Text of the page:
3- If the timezone is not specified and the date is not in UTC format then there is no way to translate the time. The chart object will assume the data is already in local time and simply print the date on the chart as it comes from the server. So, if you don't want any timezone translation then simply do not send the timezone!

User Selection Of Timezone

With our standard templates, users can select a timezone from a drop down list (found in the "cog" menu). When a user selects a timezone then a -second- translation occurs from the browser's timezone to the selected one. Say for instance a user travels from New York to Hong Kong on a business trip. He trades stocks on the New York Stock Exchange and is familiar with the opening and closing times when he lives in New York. However he has reset his computer to Hong Kong time because he has meetings in Hong Kong and needs his calendar to be accurate. This user can set his charts to New York time, overriding the browser.

When a user sets a timezone, the method stxx.setTimeZone(null, userSelectedTimeZone) is called, and the requested user time zone stored in STXChart.displayZone. As a developer you can of course call this method programatically.

User Timezone translation is only applicable to intraday charts. For other periodicity (daily, weekly, monthly), the data timezone will be used, so be careful to use a time that properly represents the beginning of the trading day from the location where the data belongs to ( see An important note on UTC dates). Midnight (00:00:00) UTC is not midnight NYSE time.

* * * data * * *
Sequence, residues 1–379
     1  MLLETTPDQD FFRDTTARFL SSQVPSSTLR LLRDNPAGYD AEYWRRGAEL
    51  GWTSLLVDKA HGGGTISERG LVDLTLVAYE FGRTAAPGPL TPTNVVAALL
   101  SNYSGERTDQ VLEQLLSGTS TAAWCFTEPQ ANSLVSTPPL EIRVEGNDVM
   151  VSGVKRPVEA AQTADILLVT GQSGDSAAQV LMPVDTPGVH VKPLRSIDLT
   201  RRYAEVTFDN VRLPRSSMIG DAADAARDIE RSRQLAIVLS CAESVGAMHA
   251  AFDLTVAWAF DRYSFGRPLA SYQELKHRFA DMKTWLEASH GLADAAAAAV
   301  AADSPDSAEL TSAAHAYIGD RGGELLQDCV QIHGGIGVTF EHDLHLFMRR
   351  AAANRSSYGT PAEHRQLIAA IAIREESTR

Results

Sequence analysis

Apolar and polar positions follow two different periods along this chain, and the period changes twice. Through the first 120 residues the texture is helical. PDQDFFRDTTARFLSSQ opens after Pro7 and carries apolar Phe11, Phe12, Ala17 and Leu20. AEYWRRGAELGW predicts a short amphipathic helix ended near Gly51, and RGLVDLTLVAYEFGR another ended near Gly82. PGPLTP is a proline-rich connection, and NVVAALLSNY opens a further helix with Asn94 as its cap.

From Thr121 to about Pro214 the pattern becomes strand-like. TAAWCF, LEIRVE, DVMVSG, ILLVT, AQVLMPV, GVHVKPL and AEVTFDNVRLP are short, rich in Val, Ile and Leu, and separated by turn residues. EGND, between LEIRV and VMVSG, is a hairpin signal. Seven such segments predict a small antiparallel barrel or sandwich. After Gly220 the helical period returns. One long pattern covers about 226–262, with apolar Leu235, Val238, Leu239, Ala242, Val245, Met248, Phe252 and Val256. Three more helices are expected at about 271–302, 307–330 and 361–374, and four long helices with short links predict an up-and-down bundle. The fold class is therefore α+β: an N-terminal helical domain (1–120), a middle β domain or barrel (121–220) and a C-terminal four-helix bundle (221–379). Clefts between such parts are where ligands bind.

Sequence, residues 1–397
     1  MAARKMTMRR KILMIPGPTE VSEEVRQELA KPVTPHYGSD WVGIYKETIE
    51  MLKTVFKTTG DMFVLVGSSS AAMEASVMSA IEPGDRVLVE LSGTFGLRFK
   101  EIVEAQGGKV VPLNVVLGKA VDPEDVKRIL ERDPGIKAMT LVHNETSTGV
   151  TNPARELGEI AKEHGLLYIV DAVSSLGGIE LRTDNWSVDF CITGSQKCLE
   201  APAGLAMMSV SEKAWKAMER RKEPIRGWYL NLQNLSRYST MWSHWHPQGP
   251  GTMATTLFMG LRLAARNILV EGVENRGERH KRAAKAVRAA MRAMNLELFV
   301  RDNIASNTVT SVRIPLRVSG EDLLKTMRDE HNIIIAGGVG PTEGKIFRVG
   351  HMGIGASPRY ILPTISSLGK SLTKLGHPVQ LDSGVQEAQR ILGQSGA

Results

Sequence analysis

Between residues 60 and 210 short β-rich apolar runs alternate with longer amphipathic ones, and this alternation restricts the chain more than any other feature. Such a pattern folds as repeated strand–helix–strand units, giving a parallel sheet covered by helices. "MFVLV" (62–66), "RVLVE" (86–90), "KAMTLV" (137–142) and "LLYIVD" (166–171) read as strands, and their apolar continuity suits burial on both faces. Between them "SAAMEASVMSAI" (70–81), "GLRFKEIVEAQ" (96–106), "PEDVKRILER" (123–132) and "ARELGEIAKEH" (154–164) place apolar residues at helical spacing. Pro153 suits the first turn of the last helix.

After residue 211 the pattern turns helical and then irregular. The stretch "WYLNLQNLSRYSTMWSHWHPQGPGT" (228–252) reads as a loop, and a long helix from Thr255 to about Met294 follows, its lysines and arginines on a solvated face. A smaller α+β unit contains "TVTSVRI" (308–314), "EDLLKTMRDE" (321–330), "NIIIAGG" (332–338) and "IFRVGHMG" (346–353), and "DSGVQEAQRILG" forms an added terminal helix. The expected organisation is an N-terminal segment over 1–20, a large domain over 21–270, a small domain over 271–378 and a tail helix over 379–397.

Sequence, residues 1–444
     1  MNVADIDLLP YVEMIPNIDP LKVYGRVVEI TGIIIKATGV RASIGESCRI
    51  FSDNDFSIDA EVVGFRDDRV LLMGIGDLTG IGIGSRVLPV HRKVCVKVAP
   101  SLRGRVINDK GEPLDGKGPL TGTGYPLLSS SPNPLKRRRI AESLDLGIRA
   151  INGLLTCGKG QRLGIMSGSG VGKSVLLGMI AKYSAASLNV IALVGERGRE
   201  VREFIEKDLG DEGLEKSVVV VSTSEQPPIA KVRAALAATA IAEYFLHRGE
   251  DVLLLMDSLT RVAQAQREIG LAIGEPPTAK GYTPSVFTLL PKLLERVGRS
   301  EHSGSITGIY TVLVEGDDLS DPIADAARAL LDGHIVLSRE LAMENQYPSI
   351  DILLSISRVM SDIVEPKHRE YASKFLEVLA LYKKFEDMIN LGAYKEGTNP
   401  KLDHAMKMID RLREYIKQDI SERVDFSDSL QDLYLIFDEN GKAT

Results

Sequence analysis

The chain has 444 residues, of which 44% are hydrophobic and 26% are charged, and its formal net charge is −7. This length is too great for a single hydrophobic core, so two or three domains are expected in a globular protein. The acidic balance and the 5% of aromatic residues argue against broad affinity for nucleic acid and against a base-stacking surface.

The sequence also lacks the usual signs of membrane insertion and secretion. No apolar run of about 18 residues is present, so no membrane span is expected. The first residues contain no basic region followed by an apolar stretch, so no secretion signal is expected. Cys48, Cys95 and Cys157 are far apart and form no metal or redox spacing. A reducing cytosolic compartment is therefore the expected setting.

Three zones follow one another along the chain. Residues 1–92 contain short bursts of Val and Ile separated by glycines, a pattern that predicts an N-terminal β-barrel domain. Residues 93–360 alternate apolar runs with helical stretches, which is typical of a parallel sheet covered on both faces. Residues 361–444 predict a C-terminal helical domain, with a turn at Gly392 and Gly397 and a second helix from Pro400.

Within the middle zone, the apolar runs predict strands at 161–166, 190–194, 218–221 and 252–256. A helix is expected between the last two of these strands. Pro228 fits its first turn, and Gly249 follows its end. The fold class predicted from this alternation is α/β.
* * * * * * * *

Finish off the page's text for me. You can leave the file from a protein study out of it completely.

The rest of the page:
stxTimeZoneData.js

This file contains a precompiled database of timezones in JavaScript object format. To set either the timezone of the data (dataZone) or the timezone of the user (displayZone) you should pick an appropriate timezone from this database (a field from the object).

Example: sets data timezone to New York and customer timezone to Hong Kong

stxx.setTimeZone("America/New_York","Asia/Hong_Kong");

A comprehensive list of available time zones are available in STX.TimeZoneWidget.timeZoneMap, under stx.js

The following code sample shows how you can normalize a date from the browser timezone to the timezone required for your master data. And then if needed, translate that to the timezone the user has selected to view.

    var dt= new Date();
    var milli=dt.getSeconds()*1000+dt.getMilliseconds();

    // 'this' is your chart object.

    // first, if the library knows the time zone of the data, adjust it from the browser's time zone to the timezone you know the quote feed is using.
    if(this.dataZone){
        var newDT=new timezoneJS.Date(dt.getFullYear(), dt.getMonth(), dt.getDate(), dt.getHours(), dt.getMinutes(), this.dataZone);
        dt=new Date(newDT.getTime()+milli);
    }

    // then, if this date will be shown to the user in a different timezone, convert it from the data time zone to the user selected time zone
    if(this.displayZone){
        var newDT=new timezoneJS.Date(dt.getTime(), this.displayZone);
        dt=new Date(newDT.getFullYear(), newDT.getMonth(), newDT.getDate(), newDT.getHours(), newDT.getMinutes());
        dt=new Date(dt.getTime()+milli);
    }

    // this is your final date in the time zone the user wants for the chart
    var dateForUser=dt;

Disabling Automatic UTC Conversion

By default, if the data you pass to the chart is UTC (containing timezone offset) then the chart will automatically convert the time to the user's local browser. There are some cases where you may not want this to happen. For instance, you may intentionally want user's to always see the actual exchange timezones.